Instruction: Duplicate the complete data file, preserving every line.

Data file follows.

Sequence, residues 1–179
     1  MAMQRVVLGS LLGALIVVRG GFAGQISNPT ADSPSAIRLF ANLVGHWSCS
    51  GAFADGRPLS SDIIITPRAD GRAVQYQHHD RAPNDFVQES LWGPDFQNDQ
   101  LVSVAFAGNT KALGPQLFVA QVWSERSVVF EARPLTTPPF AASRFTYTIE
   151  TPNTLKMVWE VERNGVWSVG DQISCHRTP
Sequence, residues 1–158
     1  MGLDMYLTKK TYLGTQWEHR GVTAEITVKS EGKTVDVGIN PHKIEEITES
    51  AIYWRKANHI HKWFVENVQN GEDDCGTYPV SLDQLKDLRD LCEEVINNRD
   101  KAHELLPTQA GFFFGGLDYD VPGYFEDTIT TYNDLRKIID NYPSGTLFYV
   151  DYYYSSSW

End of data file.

Sequence, residues 1–179
     1  MAMQRVVLGS LLGALIVVRG GFAGQISNPT ADSPSAIRLF ANLVGHWSCS
    51  GAFADGRPLS SDIIITPRAD GRAVQYQHHD RAPNDFVQES LWGPDFQNDQ
   101  LVSVAFAGNT KALGPQLFVA QVWSERSVVF EARPLTTPPF AASRFTYTIE
   151  TPNTLKMVWE VERNGVWSVG DQISCHRTP
Sequence, residues 1–158
     1  MGLDMYLTKK TYLGTQWEHR GVTAEITVKS EGKTVDVGIN PHKIEEITES
    51  AIYWRKANHI HKWFVENVQN GEDDCGTYPV SLDQLKDLRD LCEEVINNRD
   101  KAHELLPTQA GFFFGGLDYD VPGYFEDTIT TYNDLRKIID NYPSGTLFYV
   151  DYYYSSSW